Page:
[Footnote 1: November, December, 1885; and January, February, 1886.]

The great bulk of those interested in the question place their whole hope for their higher moral and spiritual life in this world and the next on one central Person—the LORD JESUS CHRIST. If He is wrong, then no one can be right—there is no such thing as right: that is what they feel. It will be conceded that it is hardly "fanatical" to feel this. But if so, surely it is not fanatical, but agreeable to the soberest reason, further to hold that this (to them sacred) PERSON did (and His apostles with Him) treat the Book of Genesis as a whole (and not merely parts of it) as a genuine revelation—or, to use the popular expression, as the Word of GOD. That being so, can it be matter for surprise or contemptuous pity, that they should be anxious to vindicate the Book, to be satisfied that the MASTER was not wrong? That is the ultimate and very real issue involved in the question of Genesis.

As long as people feel that, they must seek the reconciliation of the two opposing ideas. If the attempt is made in a foolish or bitter spirit, or without a candid appreciation of the facts, then the attempt will no doubt excite just displeasure. But need it always be so made?

As to the first part of my proposition that attempts to reconcile religion and science are received with a certain dislike, it is due partly to the unwisdom with which they are sometimes made. Prof. H. Drummond speaks of the dislike as general.[1]

If this is so, I, as a "reconciler," can only ask for indulgence, hoping that grace may be extended to me on the ground of having something to say on the subject that has not yet been considered.

Nor, as regards the impatience of the public, can I admit that there is only fault on one side. In the first place, it will not be denied that some writers, delighted with the vast, and apparently boundless, vision that the discovery (in its modern form) of Evolution opened out to them, did incautiously proceed, while surveying their new kingdom, to assert for it bounds that stretch beyond its legitimate scope.

[Footnote 1: In the Introduction to his well-known book, "Natural Law in the Spiritual World."]

Religionists, on the other hand, imagining, however wrongly, that the erroneous extension was part of the true scientific doctrine, attacked the whole without discrimination.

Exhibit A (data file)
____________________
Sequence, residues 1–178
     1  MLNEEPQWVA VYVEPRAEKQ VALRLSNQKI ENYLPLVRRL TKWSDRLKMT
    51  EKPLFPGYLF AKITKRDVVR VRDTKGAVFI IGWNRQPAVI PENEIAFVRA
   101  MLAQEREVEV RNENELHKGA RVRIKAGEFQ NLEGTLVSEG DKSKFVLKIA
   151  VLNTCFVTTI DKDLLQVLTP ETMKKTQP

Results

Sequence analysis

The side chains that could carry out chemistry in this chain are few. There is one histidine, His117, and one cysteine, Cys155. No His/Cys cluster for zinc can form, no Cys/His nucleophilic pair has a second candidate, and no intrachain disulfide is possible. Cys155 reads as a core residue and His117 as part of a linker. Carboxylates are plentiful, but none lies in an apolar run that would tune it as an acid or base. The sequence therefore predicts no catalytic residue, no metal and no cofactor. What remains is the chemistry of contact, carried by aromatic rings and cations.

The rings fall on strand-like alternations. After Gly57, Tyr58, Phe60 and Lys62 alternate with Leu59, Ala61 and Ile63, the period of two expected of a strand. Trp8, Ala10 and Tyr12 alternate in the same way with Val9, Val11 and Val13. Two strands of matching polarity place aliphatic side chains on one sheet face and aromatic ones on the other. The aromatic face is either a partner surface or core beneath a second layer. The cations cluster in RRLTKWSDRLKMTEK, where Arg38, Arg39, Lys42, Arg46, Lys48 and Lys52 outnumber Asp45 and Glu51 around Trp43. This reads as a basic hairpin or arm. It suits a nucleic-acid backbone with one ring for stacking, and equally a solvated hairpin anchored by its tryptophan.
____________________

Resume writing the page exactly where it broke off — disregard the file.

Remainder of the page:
While such a misapprehension existed, it was inevitable that writers anxious alike for the dignity of science and the maintenance of religion, should step in to point out the error, and effect a reconciliation of claims which really were never in conflict.

It is hardly the fault of "religionists" that it was at first supposed that one could not hold the doctrine of evolution without denying a "special" creation and a designing Providence. It was on this very natural supposition that the first leading attack—attributed to the Bishop of Oxford—proceeded. And the writer fell into the equally natural mistake of taking advantage of the uncompleted and unproved state of the theory at the time, to attack the theory itself, instead of keeping to the safer ground, namely, that whatever might ultimately be the conclusion of evolutionists, it was quite certain that no theory of evolution that at all coincided with the known facts, offered any ground for argument against the existence of an Intelligent Lawgiver and First Cause of all; nor did it tend in the slightest to show that no such thing as creative design and providence existed in the course of nature.

What the discovery of evolution really did, was to necessitate a revision of the hitherto popularly accepted and generally assumed and unquestioned notion of what creation was. And it has long appeared to me, that while now the most thoroughgoing advocates of evolution generally admit that their justly cherished doctrine has nothing to say to the existence of a Creator, or to the possibility of design—which may be accepted or denied on other grounds—the writers on the side of Christianity have not sufficiently recognized the change which their views ought to undergo.

As long as this is the case, there will continue to be a certain "conflict," not indeed between science and religion, but of the kind which has been vividly depicted by the late Dr. Draper.